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Digital: Disrupted: Unleashing Business Application Innovation with the Hybrid Cloud

Rocket Software

November 17, 2023

In this week’s episode, Paul sits down with Phil Buckellew to discuss the benefits of hybrid cloud data management and why the mainframe remains essential to business operations. Phil also shares his thoughts on whether businesses open themselves up to increased risk when integrating with the cloud.

Digital: Disrupted is a weekly podcast sponsored by Rocket Software, in which Paul Muller dives into the unique angles of digital transformation—the human side, the industry specifics, the pros and cons, and the unknown future. Paul asks tech/business experts today’s biggest questions, from “how do you go from disrupted to disruptor?” to “how does this matter to humanity?” Subscribe to gain foresight into what’s coming and insight on how to navigate it.

About This Week’s Guest: 

Phil is the President of Infrastructure Modernization at Rocket Software, a global technology leader that develops enterprise software for some of the world’s largest companies. Phil has extensive experience in transforming organizations to deliver value to clients in financial services, telecommunications, transportation, healthcare, and government. 

Listen to the full episode here or check out some highlights below.

Paul Muller: Do you want to talk a little bit about why the mainframe remains so sticky, relevant, and seems to have a robust future with so many businesses around the planet?

Phil Buckellew: Well, I think there's a couple of reasons. One, the technology on the mainframe has come a long way, and so there are a lot of capabilities from the hardware itself that are somewhat unique and very important. Being able to scale up, which is the ability to handle lots and lots of transactions with really low latency, and at the same time, preserving reliability and security. If anybody's looked at a mainframe, there's always this redundancy built in for networking cards, memory, power, cooling, and all these other capabilities. That’s what kind of gives it the reliability characteristics that companies want. On top of that, it's been around for 40 years—or 60 years, I guess, more accurately—but a lot of the applications that are running the world's finances and keeping the planes in the air and the trains moving, were all built on applications.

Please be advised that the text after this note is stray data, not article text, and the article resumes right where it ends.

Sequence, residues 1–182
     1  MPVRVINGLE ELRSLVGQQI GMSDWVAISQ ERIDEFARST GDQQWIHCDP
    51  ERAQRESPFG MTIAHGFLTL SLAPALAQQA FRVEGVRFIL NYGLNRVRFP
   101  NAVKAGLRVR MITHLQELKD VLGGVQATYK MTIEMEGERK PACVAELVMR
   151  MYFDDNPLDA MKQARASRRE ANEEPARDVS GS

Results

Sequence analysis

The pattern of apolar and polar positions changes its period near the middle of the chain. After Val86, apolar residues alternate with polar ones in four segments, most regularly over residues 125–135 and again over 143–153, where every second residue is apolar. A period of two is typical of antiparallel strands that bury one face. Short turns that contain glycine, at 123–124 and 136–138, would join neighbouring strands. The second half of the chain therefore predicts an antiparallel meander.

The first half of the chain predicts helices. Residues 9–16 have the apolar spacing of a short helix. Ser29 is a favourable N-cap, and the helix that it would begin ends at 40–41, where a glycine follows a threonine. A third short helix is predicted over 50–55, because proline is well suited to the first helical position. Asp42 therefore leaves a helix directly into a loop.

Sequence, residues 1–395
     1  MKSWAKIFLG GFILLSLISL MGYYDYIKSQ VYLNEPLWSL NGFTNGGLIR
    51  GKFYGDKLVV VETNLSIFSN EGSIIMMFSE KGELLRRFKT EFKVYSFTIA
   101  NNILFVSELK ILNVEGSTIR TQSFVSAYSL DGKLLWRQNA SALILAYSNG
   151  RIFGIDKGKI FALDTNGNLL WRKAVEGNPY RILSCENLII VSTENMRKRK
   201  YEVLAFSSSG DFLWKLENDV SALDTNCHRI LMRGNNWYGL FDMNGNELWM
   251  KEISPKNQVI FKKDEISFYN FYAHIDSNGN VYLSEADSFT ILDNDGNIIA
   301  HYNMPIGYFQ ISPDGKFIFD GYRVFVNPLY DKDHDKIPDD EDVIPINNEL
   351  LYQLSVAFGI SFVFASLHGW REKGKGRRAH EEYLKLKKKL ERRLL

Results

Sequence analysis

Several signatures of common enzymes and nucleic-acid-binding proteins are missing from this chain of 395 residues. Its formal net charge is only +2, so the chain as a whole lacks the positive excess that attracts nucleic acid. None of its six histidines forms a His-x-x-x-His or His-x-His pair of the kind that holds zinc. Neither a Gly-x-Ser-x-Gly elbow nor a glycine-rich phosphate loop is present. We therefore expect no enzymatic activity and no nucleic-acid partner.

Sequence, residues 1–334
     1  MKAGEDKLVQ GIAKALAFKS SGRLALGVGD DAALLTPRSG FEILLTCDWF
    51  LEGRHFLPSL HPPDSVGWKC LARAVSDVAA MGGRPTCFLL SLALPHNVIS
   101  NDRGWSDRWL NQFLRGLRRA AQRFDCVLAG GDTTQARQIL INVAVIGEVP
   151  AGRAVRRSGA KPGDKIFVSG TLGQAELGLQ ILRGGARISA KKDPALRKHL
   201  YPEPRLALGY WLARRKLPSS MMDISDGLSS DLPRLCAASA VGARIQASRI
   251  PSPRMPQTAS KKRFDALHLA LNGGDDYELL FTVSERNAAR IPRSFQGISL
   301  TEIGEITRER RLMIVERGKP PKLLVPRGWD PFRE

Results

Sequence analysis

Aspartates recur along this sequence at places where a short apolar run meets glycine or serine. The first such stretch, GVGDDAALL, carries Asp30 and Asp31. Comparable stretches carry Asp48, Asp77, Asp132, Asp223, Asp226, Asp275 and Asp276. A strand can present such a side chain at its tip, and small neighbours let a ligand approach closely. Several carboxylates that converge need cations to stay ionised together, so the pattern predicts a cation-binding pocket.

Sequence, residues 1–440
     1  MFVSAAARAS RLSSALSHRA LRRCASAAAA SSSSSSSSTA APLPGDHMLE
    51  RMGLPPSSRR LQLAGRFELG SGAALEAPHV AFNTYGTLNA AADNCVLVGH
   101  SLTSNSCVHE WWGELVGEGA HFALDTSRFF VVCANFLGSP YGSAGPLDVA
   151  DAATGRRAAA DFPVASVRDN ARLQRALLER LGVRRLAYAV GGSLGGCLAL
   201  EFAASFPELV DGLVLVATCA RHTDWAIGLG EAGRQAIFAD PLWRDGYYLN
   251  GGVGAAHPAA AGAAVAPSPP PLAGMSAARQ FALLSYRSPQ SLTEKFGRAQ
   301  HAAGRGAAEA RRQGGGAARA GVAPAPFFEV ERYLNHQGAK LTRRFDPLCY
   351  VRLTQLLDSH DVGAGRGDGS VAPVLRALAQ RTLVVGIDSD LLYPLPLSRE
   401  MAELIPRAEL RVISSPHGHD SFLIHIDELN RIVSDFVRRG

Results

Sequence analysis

By maintaining these systems and keeping that code running, these projects evolved over decades. It's not just writing the applications with all this business logic in it, but it's also working with regulators, making sure that change controls are in place, and ensuring the things that are systemically important to our world are able to function. And so, you get all those things coming together, and that's why the mainframe is an irreplaceable part of most IT infrastructures, and that's why it's had the longevity that it's had. It can do these things reliably and securely and with the availability that's needed for that mission-critical kind of workload.

PM: Yet you believe that it's being relegated or misunderstood when it comes to some of these modernization initiatives that I mentioned at the beginning of the show. It's become something of a blind spot I should say. When it comes to getting the most out of projects like say AI and ML, which are incredibly data-hungry, what are your thoughts on some of the practicalities and politics? I think there's something of a balkanization of it where there are certain people who just look at the mainframe and go, “Look, I don't understand it. I've never learned it's all a bit too hard. I'm just going to forget about it,” resulting in this blind spot that I mentioned. What are your thoughts?

PB: Well, I think that along with the strengths of the mainframe, there are also some weaknesses in place in a lot of people who have been around and working in the mainframe. They're more senior in their careers, and some of them have since retired. Some of the people who wrote the applications that are running the world have left the workforce. And so, you have everyone coming out of school trained on cloud and cloud-native technologies and modern DevOps approaches and not the traditional waterfall-type ways that the mainframe and their applications are historically run. Having worked in the cloud for five years, I saw what it was really good at. Some of the things that are best out of the public cloud are not necessarily what you get out of the mainframe.

But the cloud has weaknesses too. We always fought with noisy neighbor problems because if somebody's using that as a thousand VMs, well that might slow down your credit card processing and that's not great either. We’ve evolved to this state where you've got these people in their camps, and they don't really want to talk to or work with people, which is part of the political problem. The cloud people think everything always has to be on the cloud and the mainframe people think you should never let any data off your mainframe the only place that's safe and secure. So, you get these warring factions between the cloud versus the mainframe.